There may, however, be a small-to-moderate benefit from APM compared with physiotherapy for patients without osteoarthritis and who have mechanical or obstructive signs. Arthroscopic partial meniscectomy (APM), a keyhole surgery where loose and fragmented pieces of a torn meniscus is removed, is one of the most common orthopedic procedures performed. Over half of these are performed to treat a meniscus tear in a degenerative knee; however, several recent randomized trials have shown that Arthroscopic Partial Meniscectomy is not superior to conservative treatment or placebo treating meniscus tears associated with a degenerative knee. On the other hand, there is universal agreement that the traumatic meniscus tear, the result of a knee injury in a younger patient with otherwise healthy knee (with no degeneration), should be treated by surgery.

Then what is the downside of meniscal injury and surgery? The medial and lateral meniscus together provide shock absorption, establish a broad base of contact surface and help provide stability to the knee. Those who have undergone total or partial meniscectomy should understand that in five to 15 years, they will develop degenerative arthritis. The long-term outcomes of those whose tears were treated by repair rather than removal has not been established. My Regenerative Medicine practice in part, is the result of those seeking to postpone or avoid a Total Knee Replacement years after a meniscal injury followed by arthroscopic surgery. As long as the arthritis has not progressed to a Grade 4, I am able to assist the patient with joint restoration, at times joint regeneration, it is matter of age and health. While I am able to offer joint restoration, on occasion, joint restoration for those who sustained meniscal and Anterior Cruciate injury in the past, is there anything that could be used as an adjunct at the time of the meniscal injury to promote healing without surgery or postpone, perhaps avoid future postraumatic arthritis?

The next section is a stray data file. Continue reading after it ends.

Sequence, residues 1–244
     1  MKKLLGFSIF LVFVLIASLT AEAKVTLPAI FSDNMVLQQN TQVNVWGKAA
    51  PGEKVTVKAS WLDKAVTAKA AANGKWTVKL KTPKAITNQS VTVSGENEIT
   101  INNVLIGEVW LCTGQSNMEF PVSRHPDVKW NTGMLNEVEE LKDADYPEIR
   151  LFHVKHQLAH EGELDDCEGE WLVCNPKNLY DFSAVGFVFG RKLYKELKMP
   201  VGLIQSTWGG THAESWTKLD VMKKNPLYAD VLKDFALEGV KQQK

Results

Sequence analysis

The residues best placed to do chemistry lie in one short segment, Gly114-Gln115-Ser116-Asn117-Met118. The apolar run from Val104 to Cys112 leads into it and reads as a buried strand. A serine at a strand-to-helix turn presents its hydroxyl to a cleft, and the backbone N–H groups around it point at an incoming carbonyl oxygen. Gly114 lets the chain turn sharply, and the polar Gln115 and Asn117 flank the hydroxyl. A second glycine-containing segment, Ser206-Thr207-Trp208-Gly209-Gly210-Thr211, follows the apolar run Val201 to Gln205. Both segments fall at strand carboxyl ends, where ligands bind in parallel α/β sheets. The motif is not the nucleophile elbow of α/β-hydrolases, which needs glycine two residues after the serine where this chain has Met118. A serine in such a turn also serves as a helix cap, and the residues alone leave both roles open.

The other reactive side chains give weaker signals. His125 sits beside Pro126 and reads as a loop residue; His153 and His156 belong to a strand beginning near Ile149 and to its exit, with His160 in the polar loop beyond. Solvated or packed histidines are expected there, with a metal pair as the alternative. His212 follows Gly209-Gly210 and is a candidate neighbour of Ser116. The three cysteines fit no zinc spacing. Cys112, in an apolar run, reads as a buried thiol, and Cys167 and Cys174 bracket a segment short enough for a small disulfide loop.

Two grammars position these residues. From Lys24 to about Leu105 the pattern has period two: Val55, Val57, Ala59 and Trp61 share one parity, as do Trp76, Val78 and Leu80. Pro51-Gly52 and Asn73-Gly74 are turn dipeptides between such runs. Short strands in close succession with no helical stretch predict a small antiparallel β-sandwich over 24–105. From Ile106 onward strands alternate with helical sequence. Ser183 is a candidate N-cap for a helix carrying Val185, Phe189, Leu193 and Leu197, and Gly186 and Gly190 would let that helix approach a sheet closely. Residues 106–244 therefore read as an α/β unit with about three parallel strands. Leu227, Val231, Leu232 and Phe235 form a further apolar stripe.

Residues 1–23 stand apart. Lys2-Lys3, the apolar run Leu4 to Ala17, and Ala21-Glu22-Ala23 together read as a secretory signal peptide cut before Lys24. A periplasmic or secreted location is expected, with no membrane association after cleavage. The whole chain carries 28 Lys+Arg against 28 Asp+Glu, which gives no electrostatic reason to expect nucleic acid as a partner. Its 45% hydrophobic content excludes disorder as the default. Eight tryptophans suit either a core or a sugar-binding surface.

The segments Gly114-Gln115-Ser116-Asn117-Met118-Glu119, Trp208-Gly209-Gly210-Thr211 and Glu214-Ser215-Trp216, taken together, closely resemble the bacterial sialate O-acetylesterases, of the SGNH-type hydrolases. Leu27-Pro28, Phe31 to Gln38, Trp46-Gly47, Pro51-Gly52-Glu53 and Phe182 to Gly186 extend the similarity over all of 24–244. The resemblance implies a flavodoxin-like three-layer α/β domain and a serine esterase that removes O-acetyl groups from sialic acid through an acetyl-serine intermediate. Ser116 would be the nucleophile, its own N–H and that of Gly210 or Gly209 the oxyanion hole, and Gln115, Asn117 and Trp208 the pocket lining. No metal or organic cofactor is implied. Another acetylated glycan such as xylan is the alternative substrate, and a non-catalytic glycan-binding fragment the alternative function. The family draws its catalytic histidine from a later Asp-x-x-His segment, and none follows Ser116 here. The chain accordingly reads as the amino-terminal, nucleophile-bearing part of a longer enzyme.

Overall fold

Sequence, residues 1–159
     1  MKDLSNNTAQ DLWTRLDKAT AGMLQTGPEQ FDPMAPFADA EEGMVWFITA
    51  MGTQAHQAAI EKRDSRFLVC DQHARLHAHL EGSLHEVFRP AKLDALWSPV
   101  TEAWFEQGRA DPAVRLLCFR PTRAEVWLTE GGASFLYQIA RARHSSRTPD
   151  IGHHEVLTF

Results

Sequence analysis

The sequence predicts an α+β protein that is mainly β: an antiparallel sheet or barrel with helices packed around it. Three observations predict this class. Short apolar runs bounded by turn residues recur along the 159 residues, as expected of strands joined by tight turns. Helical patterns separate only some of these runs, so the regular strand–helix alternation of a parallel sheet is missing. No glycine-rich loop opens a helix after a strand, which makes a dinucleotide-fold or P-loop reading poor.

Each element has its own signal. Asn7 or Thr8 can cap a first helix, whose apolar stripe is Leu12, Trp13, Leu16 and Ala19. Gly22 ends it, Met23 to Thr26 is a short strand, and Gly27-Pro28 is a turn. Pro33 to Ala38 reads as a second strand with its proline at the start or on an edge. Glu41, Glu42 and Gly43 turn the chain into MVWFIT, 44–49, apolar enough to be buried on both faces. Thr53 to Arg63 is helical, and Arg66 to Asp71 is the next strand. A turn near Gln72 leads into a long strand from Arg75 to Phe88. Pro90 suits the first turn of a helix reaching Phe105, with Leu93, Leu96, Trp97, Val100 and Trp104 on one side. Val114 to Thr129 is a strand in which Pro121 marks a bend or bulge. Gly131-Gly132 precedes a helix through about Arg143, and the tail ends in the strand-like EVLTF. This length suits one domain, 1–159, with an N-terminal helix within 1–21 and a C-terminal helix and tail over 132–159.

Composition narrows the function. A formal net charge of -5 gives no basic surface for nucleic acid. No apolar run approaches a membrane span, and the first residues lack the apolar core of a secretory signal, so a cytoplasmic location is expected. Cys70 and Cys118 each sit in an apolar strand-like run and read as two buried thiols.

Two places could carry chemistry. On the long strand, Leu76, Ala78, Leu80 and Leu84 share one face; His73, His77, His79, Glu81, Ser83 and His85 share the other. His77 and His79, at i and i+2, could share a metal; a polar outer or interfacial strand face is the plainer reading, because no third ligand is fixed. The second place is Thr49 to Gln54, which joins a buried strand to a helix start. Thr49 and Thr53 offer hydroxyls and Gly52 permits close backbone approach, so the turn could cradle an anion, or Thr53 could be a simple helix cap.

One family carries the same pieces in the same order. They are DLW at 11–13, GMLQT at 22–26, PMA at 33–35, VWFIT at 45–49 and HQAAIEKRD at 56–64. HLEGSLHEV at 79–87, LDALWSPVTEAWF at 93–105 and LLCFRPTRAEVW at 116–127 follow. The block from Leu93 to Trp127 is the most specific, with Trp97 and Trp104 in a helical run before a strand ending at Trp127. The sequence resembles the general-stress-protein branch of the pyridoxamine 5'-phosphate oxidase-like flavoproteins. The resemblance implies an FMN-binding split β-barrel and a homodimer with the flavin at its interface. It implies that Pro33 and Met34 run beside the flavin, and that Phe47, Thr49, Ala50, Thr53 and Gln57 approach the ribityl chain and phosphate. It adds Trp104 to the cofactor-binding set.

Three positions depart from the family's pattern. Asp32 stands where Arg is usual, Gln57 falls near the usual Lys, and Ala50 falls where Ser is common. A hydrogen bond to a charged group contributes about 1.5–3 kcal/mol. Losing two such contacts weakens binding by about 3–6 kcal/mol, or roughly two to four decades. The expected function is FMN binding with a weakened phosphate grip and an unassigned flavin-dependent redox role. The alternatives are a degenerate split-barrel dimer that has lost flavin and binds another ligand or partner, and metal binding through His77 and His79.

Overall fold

To learn more. Schedule a consultation (312) 475-1893.You may view my web site at www.sheinkopmd.com.

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Hamstring, calf, elbow and shoulder injury-Tis the season

Hamstring, calf, elbow and shoulder injury-Tis the season